It’s a problem every farmer hopes to avoid: “down” or lodged corn that cuts yields and turns harvest into an endurance trial.
In 2011 straight-line winds produced wide swaths of damage across Illinois, Iowa, Missouri, and Wisconsin, prompting some growers to wonder if lodging is becoming more common. At Kelderman Manufacturing, a builder of combine reels, Gary Kelderman believes corn lodging is an increasing problem.
“As yields go up, we can expect the incidence of corn going down to increase,” Kelderman argues. “Think of the weight of 300-bu. corn on 35,000 to 40,000 stalks or so. The higher the yield, the stronger the stalks have to be.”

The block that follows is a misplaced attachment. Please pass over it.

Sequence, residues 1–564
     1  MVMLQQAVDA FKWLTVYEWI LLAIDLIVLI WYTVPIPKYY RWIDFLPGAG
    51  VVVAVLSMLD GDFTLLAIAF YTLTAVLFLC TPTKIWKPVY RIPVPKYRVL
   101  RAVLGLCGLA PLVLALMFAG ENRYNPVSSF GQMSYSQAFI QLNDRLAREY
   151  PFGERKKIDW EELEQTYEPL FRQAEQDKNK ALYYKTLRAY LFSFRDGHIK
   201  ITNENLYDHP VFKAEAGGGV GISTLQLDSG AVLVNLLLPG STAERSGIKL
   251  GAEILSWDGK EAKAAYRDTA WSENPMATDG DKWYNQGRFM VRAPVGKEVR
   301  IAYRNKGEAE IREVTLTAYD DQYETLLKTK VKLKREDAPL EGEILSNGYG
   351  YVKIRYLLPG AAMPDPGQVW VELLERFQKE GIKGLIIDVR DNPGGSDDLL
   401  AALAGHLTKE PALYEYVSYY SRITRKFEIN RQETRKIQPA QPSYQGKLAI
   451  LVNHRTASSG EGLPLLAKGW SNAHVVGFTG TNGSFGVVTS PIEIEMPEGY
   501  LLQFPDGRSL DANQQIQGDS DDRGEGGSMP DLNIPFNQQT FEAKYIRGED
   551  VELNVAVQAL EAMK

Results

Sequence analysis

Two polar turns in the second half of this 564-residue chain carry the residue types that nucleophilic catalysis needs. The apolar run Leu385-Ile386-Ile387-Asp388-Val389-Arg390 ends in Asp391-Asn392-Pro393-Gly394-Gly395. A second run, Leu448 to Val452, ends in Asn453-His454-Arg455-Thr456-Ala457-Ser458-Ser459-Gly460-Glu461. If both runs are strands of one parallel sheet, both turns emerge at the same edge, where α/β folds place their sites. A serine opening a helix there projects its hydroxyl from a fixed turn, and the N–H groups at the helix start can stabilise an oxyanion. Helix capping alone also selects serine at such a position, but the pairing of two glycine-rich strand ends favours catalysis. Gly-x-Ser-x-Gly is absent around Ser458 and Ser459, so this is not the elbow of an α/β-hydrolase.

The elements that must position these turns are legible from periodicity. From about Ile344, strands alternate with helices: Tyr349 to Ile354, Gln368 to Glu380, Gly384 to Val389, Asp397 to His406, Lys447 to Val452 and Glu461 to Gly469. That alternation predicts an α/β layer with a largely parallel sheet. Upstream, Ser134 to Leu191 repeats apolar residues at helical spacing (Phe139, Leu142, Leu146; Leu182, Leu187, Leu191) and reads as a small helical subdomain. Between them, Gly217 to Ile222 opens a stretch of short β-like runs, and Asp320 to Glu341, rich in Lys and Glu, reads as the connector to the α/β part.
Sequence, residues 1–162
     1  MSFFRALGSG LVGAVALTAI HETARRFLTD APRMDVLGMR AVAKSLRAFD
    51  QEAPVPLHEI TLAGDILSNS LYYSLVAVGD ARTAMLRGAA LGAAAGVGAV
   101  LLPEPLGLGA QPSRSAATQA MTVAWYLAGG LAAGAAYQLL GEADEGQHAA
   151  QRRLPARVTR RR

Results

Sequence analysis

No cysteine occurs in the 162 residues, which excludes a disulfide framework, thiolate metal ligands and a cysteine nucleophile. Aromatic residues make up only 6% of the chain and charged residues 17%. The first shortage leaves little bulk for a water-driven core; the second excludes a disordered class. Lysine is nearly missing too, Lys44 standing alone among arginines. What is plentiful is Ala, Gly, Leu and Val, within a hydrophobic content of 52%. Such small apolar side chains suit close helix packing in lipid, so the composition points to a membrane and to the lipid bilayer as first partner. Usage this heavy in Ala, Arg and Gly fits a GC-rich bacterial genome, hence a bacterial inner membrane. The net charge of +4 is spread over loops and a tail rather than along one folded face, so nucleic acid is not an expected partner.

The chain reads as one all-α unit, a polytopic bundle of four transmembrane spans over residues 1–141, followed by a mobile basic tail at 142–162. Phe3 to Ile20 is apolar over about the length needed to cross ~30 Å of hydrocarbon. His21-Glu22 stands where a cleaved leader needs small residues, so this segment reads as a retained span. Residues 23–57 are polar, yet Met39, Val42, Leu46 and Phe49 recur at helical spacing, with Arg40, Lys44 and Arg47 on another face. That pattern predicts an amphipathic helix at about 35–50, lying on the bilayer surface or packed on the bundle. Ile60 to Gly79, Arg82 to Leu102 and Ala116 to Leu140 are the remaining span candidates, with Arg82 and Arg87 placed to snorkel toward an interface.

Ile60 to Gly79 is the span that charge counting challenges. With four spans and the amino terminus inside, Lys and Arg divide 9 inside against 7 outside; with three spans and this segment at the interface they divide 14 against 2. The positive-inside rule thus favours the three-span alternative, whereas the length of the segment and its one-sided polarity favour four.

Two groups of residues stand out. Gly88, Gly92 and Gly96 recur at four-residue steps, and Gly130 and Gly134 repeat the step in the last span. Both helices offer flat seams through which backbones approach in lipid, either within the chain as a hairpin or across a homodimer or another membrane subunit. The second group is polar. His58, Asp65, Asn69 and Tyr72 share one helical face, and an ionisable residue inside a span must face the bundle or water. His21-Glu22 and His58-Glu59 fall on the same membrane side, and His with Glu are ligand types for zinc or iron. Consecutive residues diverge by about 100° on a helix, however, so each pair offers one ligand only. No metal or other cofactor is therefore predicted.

Kelderman’s increased sales of equipment to manage lodged corn support his point. “We used to make sales eight to 10 months out of each year,” he says. “We’ve sold reels every month for the past 15 to 16 months.”
Many variables, from the choice of hybrid to planting conditions, or the wind direction, can affect whether corn goes down. But the biggest problem, according to Roger Elmore, Iowa State Extension (ISU) corn specialist, is that occurrences are so unpredictable.